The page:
According to The Markup article, government loans have different eligibility thresholds that bring people to market who otherwise wouldn’t qualify, but generally cost buyers more. Even the Federal Reserve and the Consumer Financial Protection Bureau, the agency that publishes mortgage data, separate conventional and government loans in their research into credit disparities.


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The nonprofit news organization says it’s impossible for them to include creditworthiness in their analysis because the CFPB is removing them from the public version of the data – in part because of lobbying the mortgage industry citing borrowers’ privacy.

While home loan decisions are officially made by loan officers in each institution, they are largely controlled by software, largely commissioned by two quasi-government agencies.

Rules by Freddie Mac and Fannie Mae

Freddie Mac and Fannie Mae were founded by the federal government to boost home ownership and now buy about half of all mortgages in America. In doing so, they essentially lay down the rules in the mortgage approval process from the very beginning.

They require lenders to use a certain credit scoring algorithm, “Classic FICO”, to determine whether an applicant meets the minimum threshold to be considered for a conventional mortgage at all, currently a score of 620.


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Classic FICO was introduced more than 15 years ago based on data from the 1990s and is widely viewed as harmful to people of color as it rewards traditional loans that they have less access to than white Americans. It takes into account non-on-time payments for rent, utilities, and cell phone bills, among other things – but it will lower people’s scores if they fall behind on those bills and are followed by debt collection agencies. Unlike newer models, Classic FICO also penalizes people for past medical debts after they are paid.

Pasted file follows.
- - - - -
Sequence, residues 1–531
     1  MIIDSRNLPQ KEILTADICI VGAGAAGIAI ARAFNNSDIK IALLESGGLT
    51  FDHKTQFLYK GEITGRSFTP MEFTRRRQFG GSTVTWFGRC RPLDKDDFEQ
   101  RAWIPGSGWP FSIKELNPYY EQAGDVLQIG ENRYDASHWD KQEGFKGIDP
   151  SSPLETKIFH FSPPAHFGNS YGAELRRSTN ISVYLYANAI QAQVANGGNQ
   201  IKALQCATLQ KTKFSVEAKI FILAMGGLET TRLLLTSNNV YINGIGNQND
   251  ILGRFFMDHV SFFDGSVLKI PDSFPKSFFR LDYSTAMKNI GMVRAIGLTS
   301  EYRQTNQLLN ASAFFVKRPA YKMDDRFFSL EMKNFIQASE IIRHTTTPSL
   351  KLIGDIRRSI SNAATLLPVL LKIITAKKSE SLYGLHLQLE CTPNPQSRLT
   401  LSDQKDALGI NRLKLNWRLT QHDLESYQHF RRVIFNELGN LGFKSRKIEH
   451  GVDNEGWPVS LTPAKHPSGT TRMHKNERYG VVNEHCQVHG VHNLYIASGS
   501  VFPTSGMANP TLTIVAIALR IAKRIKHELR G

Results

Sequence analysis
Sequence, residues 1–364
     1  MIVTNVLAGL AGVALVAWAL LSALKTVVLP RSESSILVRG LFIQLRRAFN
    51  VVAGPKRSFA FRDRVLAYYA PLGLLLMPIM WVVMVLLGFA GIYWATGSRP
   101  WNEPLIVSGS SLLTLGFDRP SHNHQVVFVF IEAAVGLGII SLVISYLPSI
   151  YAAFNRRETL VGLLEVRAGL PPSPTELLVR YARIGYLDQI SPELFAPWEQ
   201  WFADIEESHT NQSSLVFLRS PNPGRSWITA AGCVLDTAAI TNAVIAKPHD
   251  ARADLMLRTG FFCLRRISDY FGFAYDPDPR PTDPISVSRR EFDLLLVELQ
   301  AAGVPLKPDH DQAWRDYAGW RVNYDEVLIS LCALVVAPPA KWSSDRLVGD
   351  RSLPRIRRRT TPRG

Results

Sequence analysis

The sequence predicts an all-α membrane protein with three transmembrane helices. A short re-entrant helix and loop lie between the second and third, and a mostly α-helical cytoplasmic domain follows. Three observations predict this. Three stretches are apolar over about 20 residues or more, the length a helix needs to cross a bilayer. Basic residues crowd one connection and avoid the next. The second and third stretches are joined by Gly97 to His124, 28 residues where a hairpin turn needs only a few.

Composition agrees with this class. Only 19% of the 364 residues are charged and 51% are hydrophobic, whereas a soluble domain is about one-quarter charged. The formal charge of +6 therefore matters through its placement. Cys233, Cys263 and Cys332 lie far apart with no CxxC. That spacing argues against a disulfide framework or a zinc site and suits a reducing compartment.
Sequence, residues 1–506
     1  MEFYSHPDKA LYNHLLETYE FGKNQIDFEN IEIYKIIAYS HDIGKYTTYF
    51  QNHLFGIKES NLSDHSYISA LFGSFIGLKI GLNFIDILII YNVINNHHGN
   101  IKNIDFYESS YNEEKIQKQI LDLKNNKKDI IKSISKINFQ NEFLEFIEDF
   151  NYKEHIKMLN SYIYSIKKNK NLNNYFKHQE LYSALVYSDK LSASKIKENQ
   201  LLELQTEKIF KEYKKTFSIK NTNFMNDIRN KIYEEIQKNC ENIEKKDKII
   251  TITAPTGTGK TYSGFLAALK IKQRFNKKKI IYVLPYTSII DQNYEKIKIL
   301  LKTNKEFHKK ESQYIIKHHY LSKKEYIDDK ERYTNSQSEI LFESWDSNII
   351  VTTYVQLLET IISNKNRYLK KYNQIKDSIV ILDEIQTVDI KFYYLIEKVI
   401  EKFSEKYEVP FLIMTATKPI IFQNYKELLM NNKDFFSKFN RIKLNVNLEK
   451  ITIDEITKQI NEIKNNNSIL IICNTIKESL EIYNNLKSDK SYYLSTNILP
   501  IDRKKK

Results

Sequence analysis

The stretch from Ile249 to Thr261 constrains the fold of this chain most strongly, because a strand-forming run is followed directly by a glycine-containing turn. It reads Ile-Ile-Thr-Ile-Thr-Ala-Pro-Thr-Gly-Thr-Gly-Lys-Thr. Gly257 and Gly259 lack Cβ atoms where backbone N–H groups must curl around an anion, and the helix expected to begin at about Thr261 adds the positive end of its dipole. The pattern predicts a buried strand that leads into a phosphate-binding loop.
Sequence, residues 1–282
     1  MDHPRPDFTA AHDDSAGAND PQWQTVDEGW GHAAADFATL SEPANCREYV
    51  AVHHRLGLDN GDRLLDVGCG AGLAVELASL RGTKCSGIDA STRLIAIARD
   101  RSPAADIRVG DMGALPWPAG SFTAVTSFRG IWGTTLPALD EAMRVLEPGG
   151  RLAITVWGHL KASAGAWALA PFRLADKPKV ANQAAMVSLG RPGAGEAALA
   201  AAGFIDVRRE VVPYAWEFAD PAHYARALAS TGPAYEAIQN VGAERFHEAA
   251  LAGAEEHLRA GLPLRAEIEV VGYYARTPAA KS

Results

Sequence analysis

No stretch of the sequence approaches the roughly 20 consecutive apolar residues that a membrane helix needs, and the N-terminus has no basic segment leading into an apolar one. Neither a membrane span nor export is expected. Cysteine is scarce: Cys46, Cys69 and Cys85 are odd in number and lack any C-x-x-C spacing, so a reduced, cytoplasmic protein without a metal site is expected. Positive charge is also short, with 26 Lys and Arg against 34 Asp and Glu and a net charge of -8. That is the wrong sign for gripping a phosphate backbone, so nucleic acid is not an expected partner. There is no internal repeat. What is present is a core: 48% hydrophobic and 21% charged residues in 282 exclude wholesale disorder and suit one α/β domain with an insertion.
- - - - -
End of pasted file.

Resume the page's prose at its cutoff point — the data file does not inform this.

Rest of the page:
But Fannie and Freddie have resisted a number of requests from proponents, the mortgage and housing industry, and Congress since 2014 to approve a newer model. They didn’t answer questions about why.

The approval process also requires a green light from Fannie or Freddie’s automated underwriting software. Even their regulator, the Federal Housing Finance Agency, doesn’t know exactly how to choose, but some of the factors companies consider in their programs can affect people differently based on race or ethnicity, researchers found.

For example, traditional banks are less likely than payday loan sellers to set up branches in neighborhoods that are mostly populated by colored people. Payday lenders do not report on-time payments so they can only damage loans.

History of bias

For decades, people of color have faced higher hurdles than whites when it comes to obtaining a home loan, with even creditworthy borrowers being rejected or wrongly charged higher interest rates.